I have worked on two major projects focusing on non-profit organizations. The first non-profit program I worked with was the Nashville Food Project. My first was an in class project. My class was broken up into three groups and we were given the job of coming up with an idea for a social enterprise that would help the Nashville Food Project sustain their organization financially. Between three groups, my class created three completely different social enterprise ideas that the organization could use and potentially launch their own social enterprise.  The second project I worked on was my senior thesis paper. The focus of my research was on after school programs and the affects they have on juvenile delinquency. I chose this focus because of my passion for children and my concern with the increasing number of juvenile delinquents. As a result of my research I found flaws in the current structure of after school programs and found several components that could drastically improve their affect on preventing juvenile delinquency.

Tashi McClain
Law, Justice & Society
May 2012


Refugee Case Workers
A look at policies in place that are helping the case managers and what policies can be put in place to address problems that are still present

Social workers are the kind of people who live for the people they serve. A nine- to-five job is not typical for many social workers. When it comes to a majority of the social workers at Catholic Charities, their lives often revolve around their clients’ lives, schedules, and needs. Several of the case workers at Catholic Charities were refuges themselves and have since become case workers. Because of this, they are personally and professionally involved in the cultures of their clients. Their personal involvement may range from holding a position of leadership, such as president to just being a vocal and active member in their community. This is both a great advantage and disadvantage to Catholic Charities. One of the strengths of current case workers is that many of them can speak multiple languages. Another great advantage is that they know from a personal and intimate viewpoint what it is like to start over in a new country. The transition to life in America can be very scary and difficult for the refugees.  Knowing someone personally that has done this successfully and can communicate with them in their own language assists in putting them at ease. It is critical that when a refugee is given the chance to leave whatever strife their country is suffering from, the first people they meet in their new homeland must be nonjudgemental and ready to help.  Catholic Charities has taken many strides to help the case workers find a balance between work and private life. This is an obstacle for many of the case workers because some of them live in the same communities as their clients. Refugees have many questions and concerns daily. When they know that there is a case worker living in their community that they can go and ask at any time it can lead to a lack of separation of private and work life. There are times when a case worker will come home only to find a line of people waiting outside of their apartment door with questions and concerns.  Being a prominent member of their community automatically puts them in places of leadership that the people of their community look up to. The line can get blurry when a refugee comes to a social worker that holds a position of leadership within their personal community to discuss aid or assistance they need from Catholic Charities.  The social worker must maintain the boundary of being sympathetic to listen to the member of their community and his or her issues without making comments that would disregard, criticize, or pledge assistance on behalf of their own employer.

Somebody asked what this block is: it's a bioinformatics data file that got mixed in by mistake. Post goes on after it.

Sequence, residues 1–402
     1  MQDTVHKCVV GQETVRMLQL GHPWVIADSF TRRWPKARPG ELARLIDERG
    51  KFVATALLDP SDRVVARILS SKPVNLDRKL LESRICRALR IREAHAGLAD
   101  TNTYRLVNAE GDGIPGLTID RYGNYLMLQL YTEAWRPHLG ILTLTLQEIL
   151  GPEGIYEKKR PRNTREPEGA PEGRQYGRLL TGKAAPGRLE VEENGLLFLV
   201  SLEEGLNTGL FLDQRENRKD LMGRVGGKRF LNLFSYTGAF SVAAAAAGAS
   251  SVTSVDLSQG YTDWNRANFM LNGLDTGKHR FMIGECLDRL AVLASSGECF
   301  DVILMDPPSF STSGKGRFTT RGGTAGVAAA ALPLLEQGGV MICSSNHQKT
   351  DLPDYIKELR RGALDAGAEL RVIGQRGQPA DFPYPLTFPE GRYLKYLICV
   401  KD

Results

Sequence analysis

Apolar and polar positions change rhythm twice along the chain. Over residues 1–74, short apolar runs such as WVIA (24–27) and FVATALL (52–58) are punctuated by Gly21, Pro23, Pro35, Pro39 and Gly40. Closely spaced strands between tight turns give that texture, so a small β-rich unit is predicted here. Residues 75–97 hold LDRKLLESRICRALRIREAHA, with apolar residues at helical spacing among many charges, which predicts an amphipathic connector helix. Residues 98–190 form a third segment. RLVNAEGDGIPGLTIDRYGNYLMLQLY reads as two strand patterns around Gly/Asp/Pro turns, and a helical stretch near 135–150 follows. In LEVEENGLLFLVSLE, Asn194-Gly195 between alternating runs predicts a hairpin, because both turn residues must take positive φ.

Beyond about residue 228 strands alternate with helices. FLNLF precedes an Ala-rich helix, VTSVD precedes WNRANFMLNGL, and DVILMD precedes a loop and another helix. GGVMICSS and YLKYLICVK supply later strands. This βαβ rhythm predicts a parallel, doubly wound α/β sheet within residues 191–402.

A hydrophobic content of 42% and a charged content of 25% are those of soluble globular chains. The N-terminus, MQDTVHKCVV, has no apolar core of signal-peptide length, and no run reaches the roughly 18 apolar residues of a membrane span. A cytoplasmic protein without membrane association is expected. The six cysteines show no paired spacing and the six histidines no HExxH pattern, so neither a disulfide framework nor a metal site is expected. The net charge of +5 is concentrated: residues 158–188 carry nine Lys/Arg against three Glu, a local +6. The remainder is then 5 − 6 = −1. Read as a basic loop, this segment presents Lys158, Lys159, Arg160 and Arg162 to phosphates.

Lauren Patternson
Social Work
May 2012


Infrastructure Improvement
Building a bridge in Guatemala

My SALT Capstone Project doubled as my Civil Engineering Capstone Design Project. My team and I designed a 75-foot, rural pedestrian bridge for Project Ulpan (a non-profit working in community development in Guatemala). The bridge will be implemented by the Lipscomb Engineering Mission team in May 2012. This bridge will provide better access to health care, education, and economy to the people of the Ulpan Valley.

Luke Burris
Civil Engineering
May 2012


Orchestra Club
Creating a group that nurtures talent as well as promotes service

Over the past number of years, I established a community orchestra compromised of children from the ages of eight until their twenties. Not only was I responsible for teaching them how to play various instruments, but also served as a spiritual leader. Foundational to the group was our love for one another and the relationships formed over the past number of years. Beyond our own performances and the growth experienced in our community, we were able to establish an annual fund-raising event to raise money for orphans in Romania. Over the past four years, we have raised over $8,000.00 through Christmas concerts. I am blessed beyond measure by the work that I was granted to do in this community and now as my time to move on fast approaches, I am overjoyed to see a moving, growing body of people that will continue strong years after I have left.

Kenneth Coca
May 2012